He is capable of learning -- we all are -- but at a pace perhaps matching that of molasses spilled down a gently sloping concrete driveway in the midst of winter.  Slow, perhaps, but steady.

 

     You no doubt can start to tease out the various components of your expectations and his, your differing values, differential sensitivities to the same issue, avoidance behaviors and thoughts, a list of actions/reactions, and the effect that these issues have on others in the family or the overall on your relationship with with your husband and your adult son [by another marriage] and start to look at them one by one.  Start with the absolute simplest and easiest ones first, and then for good measure, and to verify your progress, throw in an occasional toughie as you go along.  Perhaps having a third "neutral party" there to keep both of you focused and on track with the singular topic or part would help.  Also, the neutral person could help both of you keep your emotions in check -- or at least help you to track them -- because the charge that builds up over the global issue will want to sneak into the tiniest part and overwhelm you as you work through each element one by one.

 

     When you have worked out a dynamic of handling the teasing out of separate parts of a big issue--his assumptions, his agenda behind the repeated shopping feaux pas may become clearer to both of you.  If there are breakthroughs -- and there are likely to be some AHA! moments for each of you -- you might find it successively easier to look at other big issues by breaking them down into their components and deliberately devoting "work time" to their resolution.

 

     Even once resolved, it may be necessary for the cognitively higher functioning part to run the AS spouse through the same scenario numerous times before he can set his automatic pilot on the more efficient course that both of you have agreed seems to work better.  Keeping in mind that both of you have established an operating dynamic in your marriage that works well enough to keep you together after all these years, when you encounter glitches like this, they mean that both of you have bought into something that kind of works, but ends up in moments of utter frustration for you and equally utter confusion for him.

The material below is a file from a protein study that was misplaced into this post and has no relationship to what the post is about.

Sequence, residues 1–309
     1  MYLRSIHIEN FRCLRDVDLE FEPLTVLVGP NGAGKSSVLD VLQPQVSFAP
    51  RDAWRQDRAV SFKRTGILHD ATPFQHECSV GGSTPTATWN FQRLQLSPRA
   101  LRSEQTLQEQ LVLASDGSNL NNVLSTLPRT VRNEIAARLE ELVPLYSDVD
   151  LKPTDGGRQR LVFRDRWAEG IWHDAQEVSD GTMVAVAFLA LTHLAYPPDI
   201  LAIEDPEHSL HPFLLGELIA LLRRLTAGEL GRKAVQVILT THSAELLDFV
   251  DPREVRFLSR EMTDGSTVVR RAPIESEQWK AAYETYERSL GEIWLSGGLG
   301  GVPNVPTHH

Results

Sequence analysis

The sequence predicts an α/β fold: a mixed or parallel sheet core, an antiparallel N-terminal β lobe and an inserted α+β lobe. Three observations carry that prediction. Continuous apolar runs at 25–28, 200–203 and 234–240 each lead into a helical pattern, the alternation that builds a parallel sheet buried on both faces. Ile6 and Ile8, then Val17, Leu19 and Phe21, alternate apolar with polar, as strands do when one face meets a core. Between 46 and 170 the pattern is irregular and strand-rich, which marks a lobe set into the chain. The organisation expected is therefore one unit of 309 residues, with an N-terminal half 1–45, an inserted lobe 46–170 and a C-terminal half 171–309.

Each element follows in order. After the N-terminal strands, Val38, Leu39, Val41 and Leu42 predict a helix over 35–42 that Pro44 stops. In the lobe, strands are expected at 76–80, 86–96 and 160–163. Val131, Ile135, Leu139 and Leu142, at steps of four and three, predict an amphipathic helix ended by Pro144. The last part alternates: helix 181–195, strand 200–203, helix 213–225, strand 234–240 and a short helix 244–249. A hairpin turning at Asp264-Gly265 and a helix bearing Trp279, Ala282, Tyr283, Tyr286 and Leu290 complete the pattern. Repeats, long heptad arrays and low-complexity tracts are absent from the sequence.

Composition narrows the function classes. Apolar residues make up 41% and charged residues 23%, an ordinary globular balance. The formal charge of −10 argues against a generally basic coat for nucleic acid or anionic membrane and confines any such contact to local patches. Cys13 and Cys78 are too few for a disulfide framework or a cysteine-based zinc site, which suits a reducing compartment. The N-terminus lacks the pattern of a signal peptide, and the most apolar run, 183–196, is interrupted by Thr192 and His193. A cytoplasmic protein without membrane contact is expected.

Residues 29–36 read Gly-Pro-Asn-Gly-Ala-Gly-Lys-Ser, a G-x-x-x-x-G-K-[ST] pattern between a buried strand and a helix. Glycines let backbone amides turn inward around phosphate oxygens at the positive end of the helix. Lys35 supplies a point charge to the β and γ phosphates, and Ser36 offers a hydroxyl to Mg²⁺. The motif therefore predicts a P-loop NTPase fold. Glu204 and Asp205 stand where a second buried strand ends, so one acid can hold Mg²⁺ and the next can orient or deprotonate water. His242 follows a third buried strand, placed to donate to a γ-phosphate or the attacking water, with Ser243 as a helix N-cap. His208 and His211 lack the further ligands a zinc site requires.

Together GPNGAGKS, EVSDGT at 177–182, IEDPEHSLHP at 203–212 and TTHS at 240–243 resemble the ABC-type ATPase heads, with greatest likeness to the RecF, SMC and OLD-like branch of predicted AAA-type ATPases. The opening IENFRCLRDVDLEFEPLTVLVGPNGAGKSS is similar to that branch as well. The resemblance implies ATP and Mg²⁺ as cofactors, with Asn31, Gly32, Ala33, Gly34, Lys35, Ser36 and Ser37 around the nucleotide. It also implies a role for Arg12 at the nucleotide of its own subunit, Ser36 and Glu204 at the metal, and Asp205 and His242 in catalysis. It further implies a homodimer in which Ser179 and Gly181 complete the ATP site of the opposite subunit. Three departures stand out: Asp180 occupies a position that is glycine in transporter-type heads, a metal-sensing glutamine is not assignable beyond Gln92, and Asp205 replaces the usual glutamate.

The idea here is to gradually substitute a different kind of process of dealing with that one global issue that could then work with the other "biggies."

 

     Lots of work, but even in normie marriages, what keeps them thriving is work something akin to this.  It's just that in normie relationships both partners don't have to approach things with as much repetition and revisiting.  That couples consciously work on these issues is well known--whether it's a normie marriage or our kinds of arrangements.

 

     Whole book store sections are devoted to the techniques of marital and relationship problem solving, negotiation, and self-help.  Because of the special kind of logic that folks on the spectrum bring to these common problems, the work involved in getting through them--one never gets completely "past them"--is much more deliberate, out in the open, and "blatant."  But there's nothing wrong with being any of those things.  Because those of us on the spectrum ARE dense about the subtleties, it doesn't hurt to have the velvet hammer lying around on the living room coffee table where in other relationships it's probably in the glove compartment of the car or the night stand drawer.

 

     Just my thoughts on a Sunday morning.